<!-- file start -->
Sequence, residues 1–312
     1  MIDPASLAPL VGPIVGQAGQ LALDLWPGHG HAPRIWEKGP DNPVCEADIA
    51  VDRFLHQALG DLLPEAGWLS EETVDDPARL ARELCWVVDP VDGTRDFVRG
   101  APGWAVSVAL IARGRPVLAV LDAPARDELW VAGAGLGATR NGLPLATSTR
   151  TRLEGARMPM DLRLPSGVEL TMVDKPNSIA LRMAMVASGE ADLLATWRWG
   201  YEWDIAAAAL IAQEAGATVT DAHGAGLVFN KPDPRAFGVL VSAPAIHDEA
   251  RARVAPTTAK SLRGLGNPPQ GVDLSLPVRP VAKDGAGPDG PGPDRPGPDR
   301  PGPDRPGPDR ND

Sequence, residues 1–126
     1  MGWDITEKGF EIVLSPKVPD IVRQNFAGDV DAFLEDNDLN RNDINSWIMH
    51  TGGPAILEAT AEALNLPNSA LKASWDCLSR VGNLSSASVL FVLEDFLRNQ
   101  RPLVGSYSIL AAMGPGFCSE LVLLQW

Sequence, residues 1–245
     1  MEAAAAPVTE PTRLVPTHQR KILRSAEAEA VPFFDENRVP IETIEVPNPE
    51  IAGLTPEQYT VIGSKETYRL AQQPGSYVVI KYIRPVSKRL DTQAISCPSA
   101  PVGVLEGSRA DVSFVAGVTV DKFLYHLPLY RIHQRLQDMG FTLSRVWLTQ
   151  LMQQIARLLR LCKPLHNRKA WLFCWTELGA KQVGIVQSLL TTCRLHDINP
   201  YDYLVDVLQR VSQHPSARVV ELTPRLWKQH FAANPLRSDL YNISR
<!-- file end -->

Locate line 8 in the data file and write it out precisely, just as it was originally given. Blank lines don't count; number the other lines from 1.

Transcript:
   301  PGPDRPGPDR ND